Bloggers & progressive media: Recently over 120 of us education bloggers have formed a network where we have started to communicate regularly. I got a chance to meet some of my favorite colleagues whom I depend on for a lot of reporting no longer coming from the mainstream media, including: Jennifer Berkshire (EduShyster) whom everyone agrees is the funniest blogger around; Darcie Cimarusti (Mother Crusader) from New Jersey; and Dr. Mercedes Schneider (deutsch29) who also participated on the Common Core panel and shredded it in under five minutes (you can watch that here). It was also great to see representatives from the alternative media at the conference, including Rethinking Schools; Ruth Conniff, editor of The Progressive Magazine, which also produces Public School Shakedown and has published some of my work; and Joanne Barkan, a writer for Dissent, who has published on the big money behind corporate-style reform.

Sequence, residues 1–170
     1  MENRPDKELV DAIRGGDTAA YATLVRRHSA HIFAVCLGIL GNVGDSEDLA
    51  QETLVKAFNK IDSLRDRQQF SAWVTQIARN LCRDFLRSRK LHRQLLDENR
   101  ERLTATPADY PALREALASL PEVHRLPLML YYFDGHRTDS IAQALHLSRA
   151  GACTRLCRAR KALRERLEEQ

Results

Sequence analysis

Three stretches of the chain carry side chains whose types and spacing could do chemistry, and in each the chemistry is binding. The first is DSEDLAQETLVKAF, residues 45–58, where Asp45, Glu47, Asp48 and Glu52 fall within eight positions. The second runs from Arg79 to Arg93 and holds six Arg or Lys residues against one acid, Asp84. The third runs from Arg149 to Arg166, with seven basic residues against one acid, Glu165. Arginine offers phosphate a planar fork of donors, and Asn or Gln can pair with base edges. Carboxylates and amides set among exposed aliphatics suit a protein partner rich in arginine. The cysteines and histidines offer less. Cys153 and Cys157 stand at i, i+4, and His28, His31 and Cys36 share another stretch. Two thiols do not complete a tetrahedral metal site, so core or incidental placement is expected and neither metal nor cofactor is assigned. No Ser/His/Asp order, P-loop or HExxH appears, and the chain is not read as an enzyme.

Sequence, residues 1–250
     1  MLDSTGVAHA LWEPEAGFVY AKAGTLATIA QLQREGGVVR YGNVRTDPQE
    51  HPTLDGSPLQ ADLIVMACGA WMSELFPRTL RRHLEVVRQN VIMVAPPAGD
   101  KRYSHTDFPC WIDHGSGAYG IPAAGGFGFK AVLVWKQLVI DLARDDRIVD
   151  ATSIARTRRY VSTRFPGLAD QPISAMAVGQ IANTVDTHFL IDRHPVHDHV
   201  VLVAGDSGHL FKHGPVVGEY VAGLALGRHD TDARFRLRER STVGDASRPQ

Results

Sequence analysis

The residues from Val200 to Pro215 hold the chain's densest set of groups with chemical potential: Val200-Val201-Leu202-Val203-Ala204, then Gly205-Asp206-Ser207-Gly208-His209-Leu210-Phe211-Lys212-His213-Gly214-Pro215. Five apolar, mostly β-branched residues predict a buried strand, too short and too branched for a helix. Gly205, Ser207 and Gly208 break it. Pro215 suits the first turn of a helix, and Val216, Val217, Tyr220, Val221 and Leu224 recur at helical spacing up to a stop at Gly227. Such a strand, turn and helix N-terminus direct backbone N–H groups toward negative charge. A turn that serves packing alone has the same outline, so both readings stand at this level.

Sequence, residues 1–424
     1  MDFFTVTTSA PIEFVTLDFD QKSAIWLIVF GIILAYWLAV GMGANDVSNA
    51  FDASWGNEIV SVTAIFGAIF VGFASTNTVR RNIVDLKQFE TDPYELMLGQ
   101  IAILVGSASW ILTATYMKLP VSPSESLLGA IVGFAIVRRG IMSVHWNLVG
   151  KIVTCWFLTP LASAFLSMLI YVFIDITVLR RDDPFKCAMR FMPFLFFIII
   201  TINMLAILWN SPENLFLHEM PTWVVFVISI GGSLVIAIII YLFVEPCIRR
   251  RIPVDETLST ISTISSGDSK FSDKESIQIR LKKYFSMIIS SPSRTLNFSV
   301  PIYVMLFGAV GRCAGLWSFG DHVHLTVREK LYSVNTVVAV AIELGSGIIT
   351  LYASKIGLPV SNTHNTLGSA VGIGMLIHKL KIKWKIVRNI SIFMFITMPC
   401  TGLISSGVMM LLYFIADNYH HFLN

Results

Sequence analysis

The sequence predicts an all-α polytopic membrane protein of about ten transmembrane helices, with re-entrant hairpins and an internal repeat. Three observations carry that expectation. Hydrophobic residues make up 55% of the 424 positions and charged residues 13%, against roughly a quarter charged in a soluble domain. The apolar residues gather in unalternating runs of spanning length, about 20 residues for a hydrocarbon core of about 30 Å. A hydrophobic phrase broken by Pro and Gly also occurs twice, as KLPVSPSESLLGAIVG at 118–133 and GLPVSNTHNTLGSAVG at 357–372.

Fellow blogger Mercedes Schneider and I may or may not have been drinking beer together
Two NPE board members: educator and blogger Anthony Cody and Florida parent activist Colleen Wood
The conference was a social media festival and was trending at #1 on twitter both Saturday and Sunday (#NPEconference, if you want to check it out). Following the last session, the Network for Public Education held a press conference and issued a resolution calling on Congress to hold hearings on the over-use and misuse of high-stakes testing. The resolution “states that high-stakes testing in public schools has led to multiple unintended consequences that warrant federal scrutiny” and “asks Congressional leaders to pursue eleven potential inquiries, including, ‘Do the tests promote skills our children and our economy need?’ and ‘Are tests being given to children who are too young?’” [NPE press release, 3-2-14]
These were a powerful two days that confirmed, “We are many.” But if I had to boil the conference down to just one word, it would be: Inspiring.